With Microsoft's recent addition of Bing to the search landscape, the spotlight is again shining on who has the best engine for finding anything and everything on the Internet. The debate over who has the best search likely will go on into eternity with a focus on the big three: Google,Yahoo and Microsoft. But there are countless other search engines out there focused on zeroing users in on the data they want or need. Here is a look at five that are offering some slick service.
The University of California Berkeley Library recommends a second opinion when searching the Internet, and Exalead is one of its top recommendations.
The search engine features a number of advanced options including phonetic search for those who are sometimes spelling challenged. Spell a word like it sounds and results will include words that sound like what was typed into the search field.There is also a proximity search feature with a "Near" operator that finds documents where the query terms are within 16 words of each other, and a "Next" operator where search terms are next to each other. Other options include searching in a specific language only, after or before a certain date, and a prefix search that looks for the beginning letters of a word.In the results, users see thumbnail pictures of Web pages, which can be pulled up and previewed without leaving the site.In addition, Exalead has enterprise search products available (desktop, network). Its Cloudview platform support 300 formats, including structured data (RDBMS, ERP, Lotus Notes, directories) and unstructured content (e-mail messages, PDFs, Office documents, Web pages).
Social networking meets social searching. Users can offer feedback on results of their search queries, which are tabulated from across the three top search engines (Google, Yahoo, Bing). The feedback moves individual results either up or down in the rankings, which is designed to make the results more relevant as time goes on. Users also can create custom algorithm, which lets them determine how results will be ranked.
Users can gain as many as three points per search (one each for searching, voting, commenting), and earn a $25 Visa gift card for each 6,500 points they collect. Users also earn 25% of the points earned by users they refer to the Scour.Scour is developing search widgets for Windows and Mac desktops, and a Yahoo search widget.
Hunch is all about a decision engine, asking the user 10 questions or less to arrive at a solution to a problem or concern. At the core of the search site is a question selection algorithm built by Hunch's small collection of Massachusetts Institute of Technology computer scientists with backgrounds in machine learning.
The design is such that questions are asked just like a human would structure a line of questioning. The questions asked vary based on what has already been asked and how it was answered.
And Hunch is another search engine with a social aspect. The smarts are a collection of common knowledge derived from users who can submit new topics, questions to ask and decision outcomes.
Hunch says its algorithm is a mathematical framework married with a group of users who provide "personality by contributing to it and making it clever, funny, and nuanced."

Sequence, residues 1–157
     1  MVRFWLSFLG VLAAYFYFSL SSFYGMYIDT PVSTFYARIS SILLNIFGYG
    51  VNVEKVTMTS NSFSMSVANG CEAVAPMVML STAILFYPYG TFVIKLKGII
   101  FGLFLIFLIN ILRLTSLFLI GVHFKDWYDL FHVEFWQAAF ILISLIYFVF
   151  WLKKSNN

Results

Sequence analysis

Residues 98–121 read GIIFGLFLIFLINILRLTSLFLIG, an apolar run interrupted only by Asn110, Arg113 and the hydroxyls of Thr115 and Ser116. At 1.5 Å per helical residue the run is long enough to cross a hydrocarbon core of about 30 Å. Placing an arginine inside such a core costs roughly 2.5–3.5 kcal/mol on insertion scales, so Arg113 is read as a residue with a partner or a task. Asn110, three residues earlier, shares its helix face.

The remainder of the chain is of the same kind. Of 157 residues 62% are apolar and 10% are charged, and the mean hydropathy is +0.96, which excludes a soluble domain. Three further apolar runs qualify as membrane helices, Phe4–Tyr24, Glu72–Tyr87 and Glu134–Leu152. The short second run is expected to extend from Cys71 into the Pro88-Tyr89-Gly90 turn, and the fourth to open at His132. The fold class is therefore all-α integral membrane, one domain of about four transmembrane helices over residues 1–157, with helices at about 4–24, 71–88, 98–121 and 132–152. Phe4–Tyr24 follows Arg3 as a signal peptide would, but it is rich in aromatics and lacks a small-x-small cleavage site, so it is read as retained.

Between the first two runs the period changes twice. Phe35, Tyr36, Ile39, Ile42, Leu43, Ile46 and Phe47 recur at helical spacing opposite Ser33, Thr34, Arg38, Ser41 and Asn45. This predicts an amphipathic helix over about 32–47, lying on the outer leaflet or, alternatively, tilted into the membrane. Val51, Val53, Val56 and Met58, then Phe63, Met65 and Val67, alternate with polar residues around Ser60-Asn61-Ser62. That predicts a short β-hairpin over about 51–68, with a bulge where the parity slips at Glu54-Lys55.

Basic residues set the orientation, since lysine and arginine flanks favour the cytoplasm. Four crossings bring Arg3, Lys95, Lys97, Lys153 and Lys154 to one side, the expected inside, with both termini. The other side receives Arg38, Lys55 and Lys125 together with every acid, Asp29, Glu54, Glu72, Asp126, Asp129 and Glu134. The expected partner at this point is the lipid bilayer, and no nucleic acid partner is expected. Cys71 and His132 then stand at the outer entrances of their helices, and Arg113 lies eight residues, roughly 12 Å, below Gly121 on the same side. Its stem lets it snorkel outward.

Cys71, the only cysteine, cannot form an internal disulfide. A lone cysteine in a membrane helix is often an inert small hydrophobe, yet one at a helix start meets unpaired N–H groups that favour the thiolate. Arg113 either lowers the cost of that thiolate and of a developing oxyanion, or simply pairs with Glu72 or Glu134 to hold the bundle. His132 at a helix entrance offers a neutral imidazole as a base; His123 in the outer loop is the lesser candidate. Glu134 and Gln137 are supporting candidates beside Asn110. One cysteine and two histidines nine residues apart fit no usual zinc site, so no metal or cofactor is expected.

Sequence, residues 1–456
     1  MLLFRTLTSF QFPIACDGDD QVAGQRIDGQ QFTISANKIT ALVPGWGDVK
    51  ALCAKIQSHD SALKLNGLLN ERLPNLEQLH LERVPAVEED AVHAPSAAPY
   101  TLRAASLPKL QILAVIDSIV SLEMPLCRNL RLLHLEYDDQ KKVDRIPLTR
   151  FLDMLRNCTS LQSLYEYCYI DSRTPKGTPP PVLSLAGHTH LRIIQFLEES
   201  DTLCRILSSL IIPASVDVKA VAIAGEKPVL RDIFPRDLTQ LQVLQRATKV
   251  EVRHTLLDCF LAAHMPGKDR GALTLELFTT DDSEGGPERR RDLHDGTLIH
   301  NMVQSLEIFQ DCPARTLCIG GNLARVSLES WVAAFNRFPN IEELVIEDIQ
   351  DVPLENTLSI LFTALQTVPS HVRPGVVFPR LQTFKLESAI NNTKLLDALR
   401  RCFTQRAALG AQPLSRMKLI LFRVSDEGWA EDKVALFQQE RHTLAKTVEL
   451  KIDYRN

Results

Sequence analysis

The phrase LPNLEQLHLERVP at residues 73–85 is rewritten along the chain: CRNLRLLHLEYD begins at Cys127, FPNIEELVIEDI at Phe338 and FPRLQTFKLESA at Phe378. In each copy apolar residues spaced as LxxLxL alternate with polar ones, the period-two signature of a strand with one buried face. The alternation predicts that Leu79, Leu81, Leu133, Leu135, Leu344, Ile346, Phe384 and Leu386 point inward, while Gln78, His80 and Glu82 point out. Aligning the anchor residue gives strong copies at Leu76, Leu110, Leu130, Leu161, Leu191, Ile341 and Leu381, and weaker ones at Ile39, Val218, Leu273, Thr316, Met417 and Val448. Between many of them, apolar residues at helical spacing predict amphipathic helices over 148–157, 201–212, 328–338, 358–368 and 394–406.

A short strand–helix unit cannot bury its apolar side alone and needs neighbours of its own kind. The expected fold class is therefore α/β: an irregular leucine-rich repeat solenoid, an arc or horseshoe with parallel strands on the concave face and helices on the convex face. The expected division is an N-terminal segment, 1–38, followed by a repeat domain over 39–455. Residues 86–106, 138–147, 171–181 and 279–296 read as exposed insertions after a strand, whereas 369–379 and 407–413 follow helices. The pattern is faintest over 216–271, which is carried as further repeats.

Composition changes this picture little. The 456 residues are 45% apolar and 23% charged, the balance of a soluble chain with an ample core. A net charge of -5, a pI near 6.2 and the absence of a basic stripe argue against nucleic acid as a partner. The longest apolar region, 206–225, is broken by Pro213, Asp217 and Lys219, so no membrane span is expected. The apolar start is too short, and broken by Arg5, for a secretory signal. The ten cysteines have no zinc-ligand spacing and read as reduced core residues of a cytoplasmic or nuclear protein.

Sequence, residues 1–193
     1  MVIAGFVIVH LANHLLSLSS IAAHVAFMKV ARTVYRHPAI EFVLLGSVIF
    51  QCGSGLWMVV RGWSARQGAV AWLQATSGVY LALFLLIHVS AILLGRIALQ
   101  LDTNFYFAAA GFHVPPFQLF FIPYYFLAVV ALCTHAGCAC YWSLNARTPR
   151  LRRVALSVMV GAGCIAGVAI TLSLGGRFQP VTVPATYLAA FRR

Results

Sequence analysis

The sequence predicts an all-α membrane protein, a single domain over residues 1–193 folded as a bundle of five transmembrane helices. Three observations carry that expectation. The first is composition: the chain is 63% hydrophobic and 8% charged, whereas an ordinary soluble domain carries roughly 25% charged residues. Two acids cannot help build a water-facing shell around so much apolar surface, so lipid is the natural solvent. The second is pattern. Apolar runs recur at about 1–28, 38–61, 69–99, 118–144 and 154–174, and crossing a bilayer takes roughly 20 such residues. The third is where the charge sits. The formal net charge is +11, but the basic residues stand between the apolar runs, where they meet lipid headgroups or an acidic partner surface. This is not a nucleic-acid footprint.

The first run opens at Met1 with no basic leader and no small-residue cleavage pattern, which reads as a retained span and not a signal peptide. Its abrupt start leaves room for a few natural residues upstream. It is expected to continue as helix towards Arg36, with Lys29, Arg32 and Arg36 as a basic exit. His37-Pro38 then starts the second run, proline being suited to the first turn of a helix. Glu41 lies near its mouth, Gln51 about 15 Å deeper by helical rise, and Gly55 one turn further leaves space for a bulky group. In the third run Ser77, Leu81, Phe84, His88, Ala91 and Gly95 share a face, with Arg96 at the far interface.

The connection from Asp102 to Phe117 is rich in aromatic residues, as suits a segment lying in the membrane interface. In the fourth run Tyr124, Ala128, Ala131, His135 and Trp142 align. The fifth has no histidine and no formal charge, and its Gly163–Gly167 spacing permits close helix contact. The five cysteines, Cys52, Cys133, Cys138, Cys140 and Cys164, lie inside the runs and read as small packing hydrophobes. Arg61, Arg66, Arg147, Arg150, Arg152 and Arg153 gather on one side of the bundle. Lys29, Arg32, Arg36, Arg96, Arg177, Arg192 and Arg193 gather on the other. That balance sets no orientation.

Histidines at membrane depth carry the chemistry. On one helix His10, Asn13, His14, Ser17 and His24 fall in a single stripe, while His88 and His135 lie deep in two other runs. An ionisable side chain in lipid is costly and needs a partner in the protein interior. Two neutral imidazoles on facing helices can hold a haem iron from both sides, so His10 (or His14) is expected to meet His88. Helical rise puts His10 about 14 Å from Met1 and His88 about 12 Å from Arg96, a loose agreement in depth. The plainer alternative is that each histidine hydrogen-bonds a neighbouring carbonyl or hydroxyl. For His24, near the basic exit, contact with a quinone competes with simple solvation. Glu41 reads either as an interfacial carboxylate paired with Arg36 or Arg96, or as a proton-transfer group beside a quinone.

Scirus is a playground for all things scientific. The site searches more than 485 million science-specific Web pages and is built on technology developed by Fast Search and Transfer, now owned by Microsoft. The Scirus engine focuses only on Web pages containing scientific content. If users search for REM they won't see any results for the popular band.
The search engine picks up peer-reveiwed articles such as PDF and PostScript files and dives into digital archives and patent and journal databases.
Scirus has a range of subject areas including health, life, physical and social sciences. Users can rank results by relevance or by date.
The simple search site also has a link to the latest stories New Scientist News.
The advanced search lets users narrow results based on subject, information (articles, books and so on), file formats and specific sources.
Sometimes a search engine can be a uniquely personal experience and so is the case with Indeed, which is a site that aggregates job postings. But you won't submit your resume here or chat on discussion boards; Indeed offers an aggregation of posted jobs on some 1,500 sites from industry sites to corporate job boards.
Indeed's simple interface lets users type in job keywords and what city they want to work in. The result is a list of jobs in your area.
But that is just where the search begins. Users can narrow the search by salary range, title, company, and distinguish between recruiters looking for applicants and company's searching for employees.
Indeed has a feature that lets users request to look only at the jobs that have been added to the site since they last visited. The site also provides a trending graph for salaries in particular fields and cities, and a month-by-month graph that tracks the number of jobs posted for the category you are searching.
The "Where are the Jobs" feature shows you how many jobs there are per 1,000 people in the top 50 most populated metropolitan areas.
Users that create an account get more features. They can save searches and create Job Alerts.